MMC: How are you establishing a vision going forward?
Vision is a sticky thing for a director. I could bring my vision to this and say "everyone out of the way, this is what we are doing." It's so much more fruitful to listen to everyone who wants to be involved and then base the vision on that.
With a government owned organization like the San Bernardino County Museum, there are so many stakeholders and such a long history. It's really important to reestablish connections in order to frame a vision. We have people who helped form the collection in the 1950s who are still involved. They have a memory of what the museum was that informs how they see the museum today. We have to connect them with newer people who need to be a part of us, as well. Some of the legacy perceptions don't fit the new paradigms of how museums engage in the world. At the same time, this museum is very specific to San Bernardino and it has a unique nature - we have to apply lessons learned in the broader museum field in a very specific way.
For instance, the museum started with some very academic collections and presentations - the content is valuable but the way it's presented is not engaging. We have to change that, and it will be disruptive for people who remember it a certain way. We have to maintain their emotional connections to the museum while opening minds about what they are going to see.
MMC: How are you working together (staff, County, public) to effect change?
I realized early on that we need to do strategic planning and interpretive planning in order to take action. My experience in fundraising has taught me that anyone who has touched this museum - members, donors, the media, public officials - all are important in the process of change. I have a stack of business cards, and I'm figuring out how to engage people in planning so they will continue to be advocates for the museum.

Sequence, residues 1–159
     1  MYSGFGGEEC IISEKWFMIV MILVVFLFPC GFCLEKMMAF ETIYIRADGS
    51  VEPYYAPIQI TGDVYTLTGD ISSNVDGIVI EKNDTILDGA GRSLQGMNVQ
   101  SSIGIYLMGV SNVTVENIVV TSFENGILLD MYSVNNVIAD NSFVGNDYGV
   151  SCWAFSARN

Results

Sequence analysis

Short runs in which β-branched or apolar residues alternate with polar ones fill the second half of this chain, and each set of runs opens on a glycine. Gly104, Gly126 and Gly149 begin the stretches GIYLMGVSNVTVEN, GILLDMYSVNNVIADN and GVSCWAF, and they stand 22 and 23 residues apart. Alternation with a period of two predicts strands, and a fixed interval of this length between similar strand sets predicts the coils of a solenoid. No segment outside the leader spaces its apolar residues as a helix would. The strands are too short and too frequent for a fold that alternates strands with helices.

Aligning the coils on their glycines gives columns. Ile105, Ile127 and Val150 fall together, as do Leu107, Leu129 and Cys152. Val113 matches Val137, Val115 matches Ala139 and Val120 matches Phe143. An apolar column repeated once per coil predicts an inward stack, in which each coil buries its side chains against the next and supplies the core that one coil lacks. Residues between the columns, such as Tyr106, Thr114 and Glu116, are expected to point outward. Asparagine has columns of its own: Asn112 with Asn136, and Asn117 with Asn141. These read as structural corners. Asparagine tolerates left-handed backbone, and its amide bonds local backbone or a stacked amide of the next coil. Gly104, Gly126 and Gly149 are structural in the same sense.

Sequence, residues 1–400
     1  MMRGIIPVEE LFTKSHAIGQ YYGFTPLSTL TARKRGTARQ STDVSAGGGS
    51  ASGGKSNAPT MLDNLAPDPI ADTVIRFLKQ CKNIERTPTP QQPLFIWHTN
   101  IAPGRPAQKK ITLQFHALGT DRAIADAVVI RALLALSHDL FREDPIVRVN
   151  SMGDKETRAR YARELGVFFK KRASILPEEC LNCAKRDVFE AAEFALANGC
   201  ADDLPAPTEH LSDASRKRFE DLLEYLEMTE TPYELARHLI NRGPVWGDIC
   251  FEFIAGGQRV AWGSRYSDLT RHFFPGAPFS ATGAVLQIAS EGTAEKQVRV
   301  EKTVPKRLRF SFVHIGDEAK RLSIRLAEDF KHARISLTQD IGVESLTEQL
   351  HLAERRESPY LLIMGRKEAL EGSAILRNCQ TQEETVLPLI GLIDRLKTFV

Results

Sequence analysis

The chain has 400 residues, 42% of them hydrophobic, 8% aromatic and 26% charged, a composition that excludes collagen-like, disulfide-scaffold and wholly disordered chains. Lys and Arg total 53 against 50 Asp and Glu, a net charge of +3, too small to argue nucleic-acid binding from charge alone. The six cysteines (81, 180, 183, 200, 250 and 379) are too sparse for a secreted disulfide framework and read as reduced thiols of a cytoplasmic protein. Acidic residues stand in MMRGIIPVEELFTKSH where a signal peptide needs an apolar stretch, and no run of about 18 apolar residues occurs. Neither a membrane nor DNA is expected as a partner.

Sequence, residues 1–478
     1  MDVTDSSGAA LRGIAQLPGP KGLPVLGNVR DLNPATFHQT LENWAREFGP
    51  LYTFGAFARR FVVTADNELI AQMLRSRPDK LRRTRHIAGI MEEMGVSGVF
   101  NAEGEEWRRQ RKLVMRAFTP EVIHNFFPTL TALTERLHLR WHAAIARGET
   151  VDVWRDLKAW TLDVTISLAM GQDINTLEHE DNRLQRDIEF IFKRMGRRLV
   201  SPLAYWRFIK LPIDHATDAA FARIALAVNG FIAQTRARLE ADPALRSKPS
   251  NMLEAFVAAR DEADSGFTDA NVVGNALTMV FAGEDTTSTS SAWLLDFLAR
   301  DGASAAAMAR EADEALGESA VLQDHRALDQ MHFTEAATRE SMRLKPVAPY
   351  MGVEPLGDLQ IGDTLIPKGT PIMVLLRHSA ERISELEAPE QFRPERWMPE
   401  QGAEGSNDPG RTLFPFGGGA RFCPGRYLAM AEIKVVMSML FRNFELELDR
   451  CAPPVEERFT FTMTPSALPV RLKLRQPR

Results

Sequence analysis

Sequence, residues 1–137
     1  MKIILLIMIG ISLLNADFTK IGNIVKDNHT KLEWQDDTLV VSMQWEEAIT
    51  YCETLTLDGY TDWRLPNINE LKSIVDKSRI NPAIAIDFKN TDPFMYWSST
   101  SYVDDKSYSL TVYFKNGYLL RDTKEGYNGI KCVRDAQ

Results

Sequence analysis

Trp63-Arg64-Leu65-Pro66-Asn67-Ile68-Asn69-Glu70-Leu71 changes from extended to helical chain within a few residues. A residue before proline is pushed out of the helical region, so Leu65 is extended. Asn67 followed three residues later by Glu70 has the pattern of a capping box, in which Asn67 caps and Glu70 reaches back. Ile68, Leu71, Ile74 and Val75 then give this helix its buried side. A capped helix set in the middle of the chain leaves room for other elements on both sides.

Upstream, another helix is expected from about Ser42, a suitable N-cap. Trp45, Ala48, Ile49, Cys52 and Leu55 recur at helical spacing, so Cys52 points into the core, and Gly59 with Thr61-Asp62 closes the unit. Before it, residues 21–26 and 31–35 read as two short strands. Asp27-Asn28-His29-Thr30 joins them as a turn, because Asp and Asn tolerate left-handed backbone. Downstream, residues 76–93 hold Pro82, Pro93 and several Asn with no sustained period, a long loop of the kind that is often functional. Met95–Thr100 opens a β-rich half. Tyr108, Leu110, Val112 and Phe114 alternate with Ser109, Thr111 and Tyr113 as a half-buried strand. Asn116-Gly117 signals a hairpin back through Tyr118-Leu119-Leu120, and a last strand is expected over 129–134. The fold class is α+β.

At the same time, this is my first job in government. I've had to learn about the County system and, as an outsider, I'm always questioning the way things are done. The County has forward thinking leadership and has been very supportive of the museum trying new and interesting things. So, both sides are learning from each other.
MMC: What means are you using to measure your success thus far?
In terms of numbers, our visitation has gone up this year. We are also reaching out to the media in a positive way. Before I joined the Museum, there had been some negative press coverage, and staff were shying away from the media as a result. I didn't come with that baggage, so I approached reporters and made sure they knew what was happening and why. The Museum has to be forthcoming with information, otherwise the media will fill the void. As a County asset, the Museum should be at the top of the "good news list." Other departments, just by their very nature, are more prone to dealing with hard news situations, or even sometimes bad news, and the Museum should not be one of those.
MMC: What has been your biggest surprise?
The number of people who have approached me and told me "I just love this Museum." When you come into a situation where there is turmoil, you get the idea that everyone has turned away, but people have held on to the Museum as a resource. I've met people at coffee shops, senior centers, and Rotary who share their stories with me. I've heard from people who have brought their kids here 40 years ago, and others who are working in technology because visiting the Museum as kids inspired their interest in science. We are the largest museum in a region of over 4,000,000 people. I think we forget that we have the potential to serve so many people, and that we have much to build on right now.